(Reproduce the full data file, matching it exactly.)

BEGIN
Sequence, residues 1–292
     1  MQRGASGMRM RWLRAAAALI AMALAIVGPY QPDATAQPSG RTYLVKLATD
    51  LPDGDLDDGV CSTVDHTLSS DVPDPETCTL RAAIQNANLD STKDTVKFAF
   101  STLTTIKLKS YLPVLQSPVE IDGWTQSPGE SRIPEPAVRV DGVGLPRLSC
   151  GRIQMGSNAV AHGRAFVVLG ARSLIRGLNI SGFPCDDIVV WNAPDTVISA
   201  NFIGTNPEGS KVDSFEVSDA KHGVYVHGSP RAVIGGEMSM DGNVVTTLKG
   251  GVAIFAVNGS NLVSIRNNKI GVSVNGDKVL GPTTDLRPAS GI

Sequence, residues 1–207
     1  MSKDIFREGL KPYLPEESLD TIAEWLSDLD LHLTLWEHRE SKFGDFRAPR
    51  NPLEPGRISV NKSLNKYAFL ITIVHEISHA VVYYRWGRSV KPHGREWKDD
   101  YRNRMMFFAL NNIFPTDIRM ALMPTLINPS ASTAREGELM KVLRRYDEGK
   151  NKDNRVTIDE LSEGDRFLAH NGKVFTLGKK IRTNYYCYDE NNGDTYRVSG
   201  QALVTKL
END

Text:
Sequence, residues 1–292
     1  MQRGASGMRM RWLRAAAALI AMALAIVGPY QPDATAQPSG RTYLVKLATD
    51  LPDGDLDDGV CSTVDHTLSS DVPDPETCTL RAAIQNANLD STKDTVKFAF
   101  STLTTIKLKS YLPVLQSPVE IDGWTQSPGE SRIPEPAVRV DGVGLPRLSC
   151  GRIQMGSNAV AHGRAFVVLG ARSLIRGLNI SGFPCDDIVV WNAPDTVISA
   201  NFIGTNPEGS KVDSFEVSDA KHGVYVHGSP RAVIGGEMSM DGNVVTTLKG
   251  GVAIFAVNGS NLVSIRNNKI GVSVNGDKVL GPTTDLRPAS GI

Sequence, residues 1–207
     1  MSKDIFREGL KPYLPEESLD TIAEWLSDLD LHLTLWEHRE SKFGDFRAPR
    51  NPLEPGRISV NKSLNKYAFL ITIVHEISHA VVYYRWGRSV KPHGREWKDD
   101  YRNRMMFFAL NNIFPTDIRM ALMPTLINPS ASTAREGELM KVLRRYDEGK
   151  NKDNRVTIDE LSEGDRFLAH NGKVFTLGKK IRTNYYCYDE NNGDTYRVSG
   201  QALVTKL